What I get from what he said is that when it's free software (well, "open source" in their own words) the service is more likely to become an "open net", then anyone running their own server means more ways of exploiting it (which would lead to ways to prevent it I guess). Having said that, the questioner mentioned Telegram, which is a non-federating closed server.
So he's just kind of dodging the real issue.
You know what generates more spam? Bussinesses.
@aral @bjoern @bob @FerdiZ @kcnightfang The more I think about these issues the more I see that marketing works well to make invisible what those who have the money and networks wish to keep invisible, and manipulate the image both of a given product and those who would offer up valid criticisms of it. I feel the impact of some of this regularly because, being autistic, some of the clever smears of FOSS types and "edgy" SM by proprietary firms of all kinds works very effectively against me..
@aral @bjoern @bob @FerdiZ @kcnightfang I sometimes suspect that in the Czech Republic and other post-communist countries, the privacy arguments Bob comes across have not made so much headway and I absolutely accept that among those communities (typically the ex-pats I work with), the network effect is the main barrier, but I think there is as much PR power going into this area at every level as there ever was with tobacco and oil, and it is working at all of the above levels to various effect.
@aral @bjoern @bob @FerdiZ @kcnightfang For the federation perhaps the best kind of approach could be one of federated constructive dissent whereby we each take our own experience and knowledge and work on whichever part of the problem we are best placed to take on whether it is on the level of tooling or outreach. Each of us will have a slightly different reading but that would be a problem only if we had to agree on a single putative monolithic solution to what we are each of us confronting.
@krozruch @aral @bjoern @bob @FerdiZ
I agree that the network effect is the main barrier. It's what keeps me on Facebook. And for social media that's very true. I was thinking more of infrastructure like email and cloud storage and VPNs.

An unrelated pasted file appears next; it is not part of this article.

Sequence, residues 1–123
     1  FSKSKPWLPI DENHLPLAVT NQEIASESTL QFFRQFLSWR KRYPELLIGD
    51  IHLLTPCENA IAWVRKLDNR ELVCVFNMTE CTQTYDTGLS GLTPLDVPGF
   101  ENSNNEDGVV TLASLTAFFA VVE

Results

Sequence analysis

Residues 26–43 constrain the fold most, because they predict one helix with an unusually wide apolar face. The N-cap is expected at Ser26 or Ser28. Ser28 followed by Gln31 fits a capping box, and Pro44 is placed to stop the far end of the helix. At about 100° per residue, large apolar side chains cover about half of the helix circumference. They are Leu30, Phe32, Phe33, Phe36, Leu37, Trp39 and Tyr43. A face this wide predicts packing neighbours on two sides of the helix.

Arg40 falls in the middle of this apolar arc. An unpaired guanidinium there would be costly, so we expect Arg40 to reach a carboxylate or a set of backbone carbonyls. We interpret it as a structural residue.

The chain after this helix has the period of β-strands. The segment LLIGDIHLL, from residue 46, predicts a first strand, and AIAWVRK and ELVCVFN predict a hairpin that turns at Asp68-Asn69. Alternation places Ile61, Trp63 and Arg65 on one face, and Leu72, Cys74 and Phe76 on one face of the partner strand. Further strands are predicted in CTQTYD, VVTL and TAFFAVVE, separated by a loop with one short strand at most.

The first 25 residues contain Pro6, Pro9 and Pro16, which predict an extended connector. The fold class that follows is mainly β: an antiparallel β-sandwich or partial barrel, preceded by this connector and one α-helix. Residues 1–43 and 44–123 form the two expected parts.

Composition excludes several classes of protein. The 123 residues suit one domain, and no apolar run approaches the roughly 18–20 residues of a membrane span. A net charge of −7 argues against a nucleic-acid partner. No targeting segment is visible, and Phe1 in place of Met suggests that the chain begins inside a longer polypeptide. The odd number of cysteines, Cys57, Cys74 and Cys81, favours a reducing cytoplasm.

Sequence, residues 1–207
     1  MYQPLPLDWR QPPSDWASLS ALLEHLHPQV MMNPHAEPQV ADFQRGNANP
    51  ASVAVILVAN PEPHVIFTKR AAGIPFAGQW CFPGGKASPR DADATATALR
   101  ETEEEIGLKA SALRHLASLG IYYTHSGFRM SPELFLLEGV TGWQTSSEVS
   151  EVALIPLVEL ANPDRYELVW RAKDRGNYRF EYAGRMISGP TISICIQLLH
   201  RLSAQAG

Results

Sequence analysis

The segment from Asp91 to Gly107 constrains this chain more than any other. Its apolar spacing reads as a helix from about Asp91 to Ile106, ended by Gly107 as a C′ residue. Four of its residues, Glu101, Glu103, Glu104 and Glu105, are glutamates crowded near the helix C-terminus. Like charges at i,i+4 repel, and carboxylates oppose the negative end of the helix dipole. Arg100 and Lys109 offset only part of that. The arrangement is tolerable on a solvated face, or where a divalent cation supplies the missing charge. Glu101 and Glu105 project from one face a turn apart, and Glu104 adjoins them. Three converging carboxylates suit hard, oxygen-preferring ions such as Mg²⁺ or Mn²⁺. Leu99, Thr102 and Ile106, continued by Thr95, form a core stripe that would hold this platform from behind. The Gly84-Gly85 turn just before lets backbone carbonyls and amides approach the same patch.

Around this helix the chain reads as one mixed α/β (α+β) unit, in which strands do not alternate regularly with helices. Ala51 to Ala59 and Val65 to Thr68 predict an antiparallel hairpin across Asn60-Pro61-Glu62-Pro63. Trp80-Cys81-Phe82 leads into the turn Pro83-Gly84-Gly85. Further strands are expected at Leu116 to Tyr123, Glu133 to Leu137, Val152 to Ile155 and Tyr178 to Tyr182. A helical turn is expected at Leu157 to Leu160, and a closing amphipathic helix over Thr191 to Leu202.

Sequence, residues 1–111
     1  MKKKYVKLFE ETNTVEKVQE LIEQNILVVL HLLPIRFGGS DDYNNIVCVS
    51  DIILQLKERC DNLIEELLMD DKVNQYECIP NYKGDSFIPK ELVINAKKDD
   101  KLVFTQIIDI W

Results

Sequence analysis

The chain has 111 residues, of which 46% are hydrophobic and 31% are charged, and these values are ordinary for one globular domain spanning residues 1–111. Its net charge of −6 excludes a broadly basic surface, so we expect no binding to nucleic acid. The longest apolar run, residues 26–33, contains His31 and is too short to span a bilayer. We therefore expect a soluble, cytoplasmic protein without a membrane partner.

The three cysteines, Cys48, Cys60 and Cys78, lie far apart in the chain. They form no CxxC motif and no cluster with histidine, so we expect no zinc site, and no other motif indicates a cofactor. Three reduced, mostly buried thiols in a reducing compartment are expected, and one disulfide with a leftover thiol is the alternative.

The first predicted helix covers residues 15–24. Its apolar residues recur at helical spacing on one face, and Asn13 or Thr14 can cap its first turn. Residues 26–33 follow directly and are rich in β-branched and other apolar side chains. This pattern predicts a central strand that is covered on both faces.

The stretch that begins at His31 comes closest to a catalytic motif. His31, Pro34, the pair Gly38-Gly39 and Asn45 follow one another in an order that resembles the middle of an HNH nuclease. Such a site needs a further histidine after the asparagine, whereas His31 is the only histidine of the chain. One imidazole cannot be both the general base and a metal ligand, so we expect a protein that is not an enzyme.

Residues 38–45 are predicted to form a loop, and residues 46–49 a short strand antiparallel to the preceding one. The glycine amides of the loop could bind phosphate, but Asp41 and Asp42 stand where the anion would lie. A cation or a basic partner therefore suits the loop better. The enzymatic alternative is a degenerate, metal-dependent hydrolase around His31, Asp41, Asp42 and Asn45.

I think people would care about privacy if they felt like it was in their control, and right now it's just not a factor. Also, companies have used data to make things "convenient"
I'm just thinking out loud, and I'm still caught up in all these things. The problem is structural, and consumer choices aren't sufficient to solve it. I think there's good work to be done, there has to be multiple approaches.
Re: userbase momentum re Facebook etc.,
The following essay is related imo; but "unfortunately" it is behind the standard Medium spyware paywall. Venture forth at your own risk and/or convenience.
@aral @bjoern @bob @FerdiZ @kcnightfang It's kind of ironic now, but I first heard this come up in a talk by Jacob Appelbaum at CCC a few years ago (via YouTube). Around the same time I was working on an essay, The Pwned Mind. I developed the concept of tag muting whereby tropes are created as systems of associations, & maintained so that they may be readily slapped on people who challenge the dominant narrative. Want to mute Occupy? Easy, here's an off-the-shelf anarchist tag. FOSS: a 'hacker'.
@bjoern @bob @FerdiZ @aral @krozruch @kcnightfang part of the problem is that it's invisable. It's easy to adsime something's not happening if you can't see it for yourself, eslically for non-technical people. If facebook were required to send you a letter in the mail telling you what tbey kniw aboit you, people would care